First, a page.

Leadership / 10.19.22
10 Tips for Delivering Constructive Employee Feedback
There are many reasons why you may need to deliver constructive feedback to an employee in your ticket office or entertainment organization. It is not always easy to have these conversations. But, in many cases, they can help improve individual performance, create better team dynamics, and support workers to eventually take on more advanced roles.
“Giving feedback is an act of compassion,” Kay Burnham, who founded Perceiving Possibilities after spending 30 years working on the administrative side of the entertainment industry, says. “You want to make it clear that you want [your employees] to be successful.”
Rebecca Throne of See Tickets agrees. “Giving honest critical feedback is a huge act of service, even though it is awkward and difficult.” Throne adds that honest feedback about performance and areas where an employee needs to develop is critical for growth, improvement and happiness.
On a recent INTIX Wednesday Wisdom call, the community discussed a particular employee feedback situation that brought forward many helpful tips. These 10 tips can help you transcend the routine responsibility of providing feedback to elevate your team and their performance.
- Prepare your employee for the discussion. Do not invite someone to a meeting and then launch into unexpected constructive feedback. It will take your employees by surprise and potentially create a situation where they become reactive or combative.
Instead, suggests Throne, set expectations by saying, “‘I know this is going to be difficult, but I need to give you some feedback.’ [That way,] they don’t walk into the meeting and feel blindsided. It helps them to emotionally prepare. It is going to be awkward and difficult … they might need to go away and process, then come back to you after the fact when they are not feeling reactive and in the moment.”
- Be prepared for the conversation. It is important that employees can see you have given careful thought to both individual matters and the meeting itself. Consider developing an outline of what you want to discuss and how you want to see an employee improve. Writing out a script can also be helpful.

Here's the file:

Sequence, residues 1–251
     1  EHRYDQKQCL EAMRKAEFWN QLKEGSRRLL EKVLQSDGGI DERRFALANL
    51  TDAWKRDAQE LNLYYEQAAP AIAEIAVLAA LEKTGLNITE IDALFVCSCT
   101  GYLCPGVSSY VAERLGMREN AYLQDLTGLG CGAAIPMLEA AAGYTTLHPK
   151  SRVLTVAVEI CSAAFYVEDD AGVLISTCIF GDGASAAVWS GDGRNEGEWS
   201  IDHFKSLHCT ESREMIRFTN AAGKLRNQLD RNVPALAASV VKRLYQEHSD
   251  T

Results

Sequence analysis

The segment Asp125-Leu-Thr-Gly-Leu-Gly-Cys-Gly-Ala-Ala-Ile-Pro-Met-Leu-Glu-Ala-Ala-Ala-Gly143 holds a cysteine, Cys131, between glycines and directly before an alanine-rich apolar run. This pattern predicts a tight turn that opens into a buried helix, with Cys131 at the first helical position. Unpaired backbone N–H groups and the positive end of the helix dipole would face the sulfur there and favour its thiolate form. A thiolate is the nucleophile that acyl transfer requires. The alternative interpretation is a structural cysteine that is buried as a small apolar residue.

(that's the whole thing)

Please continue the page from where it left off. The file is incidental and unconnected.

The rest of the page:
“Come from a place of compassion and carefully choose your words,” Burnham says. “Do not go into the conversation cold or on the fly. Take some time to practice what you want to say. Find someone to help you practice it. This will help you feel confident going in so that you can support [an employee] and their success.”
- Engage in a dialogue. Use clear language that is tactful yet direct. At the same time, show that you are there to support the employee’s long-term success. Keep an open mind, then give them a chance to respond, ask questions and actively participate in the process.
“Difficult feedback is exactly that, it is difficult, and it is difficult for both of you,” Burnham says. “If you go into the conversation with the intention that you want this person to be as successful as possible and that is what you are looking for … that intention can help you frame what you are talking about and pick the right words.”
Burnham continues, “You may also discover something that you do not know about them or the situation or their feelings. [You may learn more] about their confidence in knowing how to do the job correctly, which you can correct, and they can become successful.”
An open dialogue may also show you that it was legitimately difficult for an employee to give their best performance. As well, you may learn about a systemic issue that could be improved for the good of that individual and your entire team.
- Make sure your employee is okay. We all have things going on in our lives and some of them may not be public knowledge in the workplace. Be compassionate and kind. Remember that people go through difficult times. Ask your employees if they are OK.